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i E ' DP. GEORGE YOX.DITOP VOYr JJI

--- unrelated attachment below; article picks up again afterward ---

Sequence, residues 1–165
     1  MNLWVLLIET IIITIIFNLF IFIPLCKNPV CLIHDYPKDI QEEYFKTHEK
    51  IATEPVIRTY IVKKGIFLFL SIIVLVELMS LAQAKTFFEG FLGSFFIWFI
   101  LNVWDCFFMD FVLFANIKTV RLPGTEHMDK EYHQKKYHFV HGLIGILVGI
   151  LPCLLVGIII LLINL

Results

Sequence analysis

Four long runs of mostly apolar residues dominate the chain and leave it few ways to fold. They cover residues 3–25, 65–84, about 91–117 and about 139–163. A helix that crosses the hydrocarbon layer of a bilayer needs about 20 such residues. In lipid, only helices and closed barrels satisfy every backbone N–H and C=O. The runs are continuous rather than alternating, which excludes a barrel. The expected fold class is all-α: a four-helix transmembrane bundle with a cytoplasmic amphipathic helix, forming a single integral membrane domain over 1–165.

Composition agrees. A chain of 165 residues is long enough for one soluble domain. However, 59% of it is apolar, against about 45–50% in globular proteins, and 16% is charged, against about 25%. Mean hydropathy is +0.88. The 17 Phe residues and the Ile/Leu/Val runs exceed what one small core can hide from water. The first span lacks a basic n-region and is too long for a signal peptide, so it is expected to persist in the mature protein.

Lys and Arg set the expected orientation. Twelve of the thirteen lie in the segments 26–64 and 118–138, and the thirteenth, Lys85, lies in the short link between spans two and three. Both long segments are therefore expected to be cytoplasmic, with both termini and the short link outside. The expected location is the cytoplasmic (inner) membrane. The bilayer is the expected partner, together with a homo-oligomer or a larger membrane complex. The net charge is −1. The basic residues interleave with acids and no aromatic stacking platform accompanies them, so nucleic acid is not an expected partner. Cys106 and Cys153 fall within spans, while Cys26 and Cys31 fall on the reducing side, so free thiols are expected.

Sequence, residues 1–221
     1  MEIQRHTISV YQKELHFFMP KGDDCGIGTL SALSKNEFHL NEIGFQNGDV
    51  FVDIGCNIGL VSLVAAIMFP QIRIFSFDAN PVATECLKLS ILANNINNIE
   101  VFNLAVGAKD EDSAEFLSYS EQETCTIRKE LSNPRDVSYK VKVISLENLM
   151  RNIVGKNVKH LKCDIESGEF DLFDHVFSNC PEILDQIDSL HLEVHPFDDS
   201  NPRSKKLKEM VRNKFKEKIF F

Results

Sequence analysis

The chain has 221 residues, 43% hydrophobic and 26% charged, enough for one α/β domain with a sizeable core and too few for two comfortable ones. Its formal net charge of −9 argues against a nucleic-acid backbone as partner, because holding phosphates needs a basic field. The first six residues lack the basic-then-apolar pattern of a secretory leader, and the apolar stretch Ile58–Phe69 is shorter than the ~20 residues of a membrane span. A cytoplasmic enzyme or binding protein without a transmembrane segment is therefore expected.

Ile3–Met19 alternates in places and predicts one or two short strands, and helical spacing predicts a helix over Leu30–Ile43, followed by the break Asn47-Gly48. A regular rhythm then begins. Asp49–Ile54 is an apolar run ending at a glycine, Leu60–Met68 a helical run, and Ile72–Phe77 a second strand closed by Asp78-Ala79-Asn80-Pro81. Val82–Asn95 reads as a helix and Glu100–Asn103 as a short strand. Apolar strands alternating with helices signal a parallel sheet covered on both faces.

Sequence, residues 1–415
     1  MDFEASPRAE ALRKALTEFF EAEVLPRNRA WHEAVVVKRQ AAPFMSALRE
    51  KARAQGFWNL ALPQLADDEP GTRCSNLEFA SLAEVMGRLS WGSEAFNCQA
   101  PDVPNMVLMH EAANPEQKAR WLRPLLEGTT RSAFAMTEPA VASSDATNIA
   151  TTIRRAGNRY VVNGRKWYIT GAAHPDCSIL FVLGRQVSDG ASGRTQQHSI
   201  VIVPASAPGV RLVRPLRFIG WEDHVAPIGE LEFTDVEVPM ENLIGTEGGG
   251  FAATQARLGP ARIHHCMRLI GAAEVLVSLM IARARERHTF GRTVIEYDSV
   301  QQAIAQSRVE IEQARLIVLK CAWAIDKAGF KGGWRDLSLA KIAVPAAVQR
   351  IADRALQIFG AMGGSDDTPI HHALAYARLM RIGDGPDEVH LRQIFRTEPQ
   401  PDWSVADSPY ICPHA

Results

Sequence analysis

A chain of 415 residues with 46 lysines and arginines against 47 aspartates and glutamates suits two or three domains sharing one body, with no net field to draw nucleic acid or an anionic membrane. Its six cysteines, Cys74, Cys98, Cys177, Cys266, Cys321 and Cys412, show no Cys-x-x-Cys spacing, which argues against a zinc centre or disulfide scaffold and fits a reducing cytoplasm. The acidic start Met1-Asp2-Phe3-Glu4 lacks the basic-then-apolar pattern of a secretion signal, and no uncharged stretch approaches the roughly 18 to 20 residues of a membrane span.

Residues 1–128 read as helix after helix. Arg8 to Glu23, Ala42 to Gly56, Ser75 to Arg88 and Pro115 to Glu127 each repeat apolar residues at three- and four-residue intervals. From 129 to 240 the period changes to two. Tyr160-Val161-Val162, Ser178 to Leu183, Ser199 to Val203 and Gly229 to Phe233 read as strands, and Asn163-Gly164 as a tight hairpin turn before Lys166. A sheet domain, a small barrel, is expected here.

I DR. OEOROB FOX, President ) 8AM LII'SHITZ, Vice-President ( LOUIS MORRIS, Becy-Treas. t VOL. VIII. NO. 14. FOREIGN and DOMESTIC REPORTS OF CONDITIONS AF FECTING JEWS IN FORMER WAR ZONES. The Joint Distribution Committee presents .the first reports of it's com missioners now abroad detailing the actual conditions in the countries to which they have been assigned, in cluding Poland, Czecho-Slovakia, Greece, Turkey, Roumania, Syria, Palestine, Siberia and other countries. These reports form the initial in stallment of the accounts which this paper will publish from time to time, and the material has been compiled solely from the letters and cable-messages the commissioners have dis patched to the Chairman of the Com mittee. The members of the Commission, in addition to their own observations, have been aided by reports received by the American Relief Administra tion which, under the direction of Her bert Hoover, is distributing American food supplies. They have been in es pescially close touch with Loius Straus Mr. Hoover's representative in Paris, from whom much information and as sistance have been secured. Personnel of American Commission. The members of the Commission and from among whose reports thi following facts are quoted, include: Dr. Boris D. Bogen, Isidore Hersh field and Bernard Horwich who are in Poland; Barnet Zuckerman, who is at B rest-Li tovsk; Dr. Solomon Lo wenstein, returning from Palestine; Miss Hetty Goldman, on her way to Roumania, following extended visits to Greece .and Serbia; Rabbi Aaron Teitelbaum, whose headquarters are at Constantinople and whose investi gations cover Turkey and Syria; Hen ry G. Alsberg, in Cxecho-Slovakia; Ja-. cob Billikopf, Sholem Asch, Morris Engelman, Meyer Gillis, Max Pine, who are at the headquarters of the Netherlands Branch of the Joint Dis tribution Committee, at the Hague, and later are to visit other countries; Dr. Frank F. Rosenblatt, who has ar rived at Vladivostock, where Samuel Mason Representing the Hebrew Im migrant and Aid Society, as well as the Joint Distribution Committee, also is; and Miss Harriet B. Lowensieln, executive head of the commission, who is in Paris. ( Tha editor Is not responsible for views) expressed by contributors. Anonymous j letters wll receive no consideration. ) FORT WORTH-r FROM SPECIAL TERRIBLE CONDITIONS IN POLAND. The situation in Poland is graphi cally described by Dr. Boris D. Bo gen who has possibly been most deep ly impressed with the attitude of the population itself, and of which he says: "The population has seen and felt so much of suffering thct it has be come calloused to hardship and to want, but the spectacle of hundreds of starving children, of women, in the biting cold, clad only in the scan tiest of filthy rags, and of men, list lessly and aimlessly walking the streets asking for bread, has deeply affected the committee's representa tives." Writing under date of February 12, and telling of conditions at Warsaw, he says: "I am heartbroken over the situa tion. The ppople are here hopelessly out with themselves and the world. The only thing that keeps them alive is the fatalistic faith in some miracle in the near future. 5 , ) .rv-w. i ..i s INTERIOR OF ROUP KITCHEN MAINTAINED BY NATHAN STRAUS FEDERATION. AMERICA HAS BECOME THE SAVIOR OF MILLIONS. TEXAS, FRIDAY, JULY 4, 1919. COR RES. ONDENTS STATEMENT TO PUBLIC BY JEW ISH COMMITTEE. The representative of the Joint Dis tribution Committee, themselves, also issued an additional statement, ad dressed to the Jewish public: "At the present time we are engaged in arranging the place of the distri bution of the food sent by the Ameri can Jews for Jews in Poland. "The food will be distributed to as many poor as possible. Naturally in the first line the extremely poor will be provided with food. "We are doing our best to organ ize the distribution in such a way that those who receive the food should not be obliged to wait forming long files. We shall also strive for fair treatment of those who receive the food. "We shall do everything in our power that nobody should be wrong ed. Those who ought to receive food should receive it without any difficul ties, and those who ought not to re ceive it should not receive it We re quest you, therefore, those engaged In the distribution and those who receive food, help us to carry out our task to . gve relief to the needy people." ( Entered In the Port Worth Poetofflcel as Second Class Mall Matter by the Mon-V I Itor Publishing Company. i Price $1.50 Per Year. NEWS THE DEAD LEFT WITHOUT BURIAL. Dr. Bogen in his communications tells of numerous strikes on the part of employees of the local Gmina or Jewish Relief Agencies and which, while these societies had very little at their disposal to distribute, neverthe less greatly accentuated the hardships of the population and tremendously increased the difficulties. Even those working for the cemeteries struck, not being provided with sufficient pay with which to eke out an existence. Of this he says: "It was astonshing to me to find that all the district bureaus of the war relief societies had been closed for almost a month on account of a strike among the employees, during which the poor received no assistance and the entire work was at a stand still. The employees explained to me that their salaries were absolutely in adequate and made it impossible for them to obtain even a mere existence. People working at the cemeteries struck so that the dead could not be buried, a horrible situation, but one which had happened before and which the public, even the poor, seemed to take quite lightly." These strikes have since been settled. CHILDREN ACCUSTOMED TO ONE SCANTY MEAL Describing a typical school, known as a froble school, or school for small children, Dr. Bogen says: "The school is situated on the third floor in a ten ement house. There are three teach ers.. The teachers are one man and two women, earnest and symapthetic, but the children are miserably dress ed and sickly looking, with flabby, what seemed to be, swollen faces. They spoke Yiddish and asked ques tions about America and whether we had brought food. They used to get two meals a day, but lately have re ceived only one. The teachers thought however, that this was enough, and said in explanation The children are used to going hungry and can now stand much better the consequences.' The rooms were terribly cold for v there was no coal. Coal is now about ten marks for a pud (40 pounds), and then it is almost impossible to get"